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Opinion: Going it Alone Outside Kabul

Following a futile search for international partners, Germany alone will send another reconstruction team to Afghanistan. It's just another example of the lack of concept plaguing the West's Afghanistan policy.

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German soldiers will be on their own in Faizabad

If NATO General Secretary Jaap de Hoop Scheffer is right in his estimation that the deployment in Afghanistan is a crucial measure of the sustainability of the military alliance, then things don't look too good.

Hamid Karzai der neue Regierungschef von Afghanistan

Afghan president Hamid Karzai

That was apparent even at the NATO summit in Istanbul at the end of June and it is becoming painfully clearer. Everyone agreed in Istanbul that the number of soldiers in Afghanistan had to be massively increased in order to secure presidential elections in the country on Oct. 9. Afghan President Hamid Karzai was promised 3,500 soldiers -- significantly less than the number the president had requested.

At the time, the key question of who would provide the extra soldiers remained open. Since only Italy and Spain have made corresponding promises since, just 1,800 extra soldiers have been provided.

Where are the PRTs?

It's the same picture when it comes to the provincial reconstruction teams (PRT) that are meant to protect and support civilian and development projects in Afghanistan. Before the NATO summit, there was talk of a far-reaching network of such PRTs in northern and western Afghanistan. Germany, Britain, Italy, Spain, Turkey and The Netherlands were meant to provide the necessary military forces.

But the Italians, Spanish and Turks made it clear in Istanbul that they weren't prepared to do that. The result was a vague decision: four new teams would be built, but the question of who would provide them, was left wide open again.

After the summit it was time for some glossing over: an existing British team was meant to be shortly placed under NATO command. And Germany said it would upgrade the planned Faizabad outpost of the existing PRT in Kunduz to a "new" reconstruction team -- but only if it was supported by other smaller NATO members states.

After the deployment of 100 additional German soldiers in Faizabad was announced, first for the end of July and then for mid-August, German Defense Minister Peter Struck was forced to make an admission: The German soldiers, who would be transferred in September, would remain alone in Faizabad. Berlin's pleas for help remained unheeded.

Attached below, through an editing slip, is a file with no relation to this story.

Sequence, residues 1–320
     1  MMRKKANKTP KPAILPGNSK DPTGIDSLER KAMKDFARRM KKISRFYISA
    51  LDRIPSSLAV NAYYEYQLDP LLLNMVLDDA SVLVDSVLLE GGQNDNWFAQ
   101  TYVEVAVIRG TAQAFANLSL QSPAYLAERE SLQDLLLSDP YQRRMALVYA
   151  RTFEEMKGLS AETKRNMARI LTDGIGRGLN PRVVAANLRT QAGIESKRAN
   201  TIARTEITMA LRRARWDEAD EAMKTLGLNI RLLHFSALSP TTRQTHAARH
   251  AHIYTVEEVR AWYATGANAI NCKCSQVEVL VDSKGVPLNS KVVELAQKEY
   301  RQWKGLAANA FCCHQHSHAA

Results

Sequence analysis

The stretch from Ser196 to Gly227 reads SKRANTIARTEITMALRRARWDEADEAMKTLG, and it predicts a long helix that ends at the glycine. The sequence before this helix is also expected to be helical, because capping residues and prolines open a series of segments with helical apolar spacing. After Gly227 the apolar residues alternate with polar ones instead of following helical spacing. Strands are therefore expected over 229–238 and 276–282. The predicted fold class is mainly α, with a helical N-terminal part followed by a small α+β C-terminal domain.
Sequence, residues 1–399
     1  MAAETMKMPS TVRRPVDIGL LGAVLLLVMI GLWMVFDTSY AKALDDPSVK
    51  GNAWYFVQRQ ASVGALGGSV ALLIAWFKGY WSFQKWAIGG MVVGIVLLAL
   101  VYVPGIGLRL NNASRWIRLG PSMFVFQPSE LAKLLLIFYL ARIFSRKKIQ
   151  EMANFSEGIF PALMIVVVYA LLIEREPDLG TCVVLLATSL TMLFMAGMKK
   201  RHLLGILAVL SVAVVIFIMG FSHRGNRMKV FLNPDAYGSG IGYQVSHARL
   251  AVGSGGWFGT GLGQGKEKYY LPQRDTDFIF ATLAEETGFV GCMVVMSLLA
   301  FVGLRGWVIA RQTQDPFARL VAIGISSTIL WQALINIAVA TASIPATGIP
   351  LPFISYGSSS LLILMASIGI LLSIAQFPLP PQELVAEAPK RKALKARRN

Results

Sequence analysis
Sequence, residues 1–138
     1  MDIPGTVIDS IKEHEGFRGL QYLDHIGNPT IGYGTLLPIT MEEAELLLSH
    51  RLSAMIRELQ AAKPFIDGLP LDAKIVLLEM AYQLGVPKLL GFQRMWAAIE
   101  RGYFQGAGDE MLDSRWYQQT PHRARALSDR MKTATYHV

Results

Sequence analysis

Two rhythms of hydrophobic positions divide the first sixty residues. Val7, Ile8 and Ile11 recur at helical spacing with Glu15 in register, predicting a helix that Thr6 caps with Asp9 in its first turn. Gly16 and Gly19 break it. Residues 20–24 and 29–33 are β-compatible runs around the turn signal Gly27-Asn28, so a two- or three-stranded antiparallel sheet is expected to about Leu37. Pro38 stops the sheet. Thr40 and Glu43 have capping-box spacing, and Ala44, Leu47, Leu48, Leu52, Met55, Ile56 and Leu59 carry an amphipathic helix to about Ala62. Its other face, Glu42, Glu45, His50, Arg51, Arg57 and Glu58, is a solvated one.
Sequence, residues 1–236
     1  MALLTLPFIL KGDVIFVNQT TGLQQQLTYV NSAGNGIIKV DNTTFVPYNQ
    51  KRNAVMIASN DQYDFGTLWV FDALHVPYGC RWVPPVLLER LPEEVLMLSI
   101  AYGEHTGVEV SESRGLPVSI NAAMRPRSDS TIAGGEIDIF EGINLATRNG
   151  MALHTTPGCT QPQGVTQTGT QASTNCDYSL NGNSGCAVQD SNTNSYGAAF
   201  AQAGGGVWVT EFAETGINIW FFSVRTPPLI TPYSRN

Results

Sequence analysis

Doubters believe Afghanistan too far gone

Apparently several NATO states aren't convinced anymore that troop deployment in Afghanistan makes sense - there's no other explanation for their refusal to send soldiers.

Reiche Ernte

Poppy farmer Mohammad Agha inspects his crop in the small village of Essazai Kili 15km south of Lashkar Gah, Afghanistan.

The doubters have enough arguments: Even after two and a half years, Afghanistan is still miles away from real stability. President Hamid Karzai's power is limited solely to the capital of Kabul; it's the warlords who still pull the strings in the provinces. The disarmament of militia has stalled and remains far behind the envisioned targets. And if all that wasn't bad enough, the opium trade has been enjoying an unimagined boom since the end of the Taliban regime. Opium that, in particular, sustains drug addicts in Europe.

But the battle against the warlords and the drug trade is explicitly not the responsibility of NATO in Afghanistan -- for fear of being sucked into incalculable conflicts.

And so -- cynical as it might sound -- the next poppy crop in Faizabad, one of the most important agricultural regions in Afghanistan, will probably be harvested under the eyes and protection of German soldiers. Does it make sense to risk the life and health of soldiers for that?

More soldiers needed

What's true is that with NATO's present deployment concept, Afghanistan will languish in its current instable condition for a long time to come. A complete pull-out, which opposition politicians in Germany are advocating, would be the worst alternative. Civil war, a further boost to the drug trade and the revival of rich breeding ground for international terrorism, would be the inevitable consequences. Nobody could really want that.

That's why what's crucially needed are more, and not less, soldiers and in all regions of the country with a significantly wider mandate. And as far as NATO's sustainability goes: The strength of the alliance is not just measured by its military capabilities, but also on the basis of the capacity to match inadequate plans to real needs.

Or at least to the willingness of its members, to honor and implement decisions that have been taken jointly. In the case of Afghanistan, this means sending more soldiers immediately.

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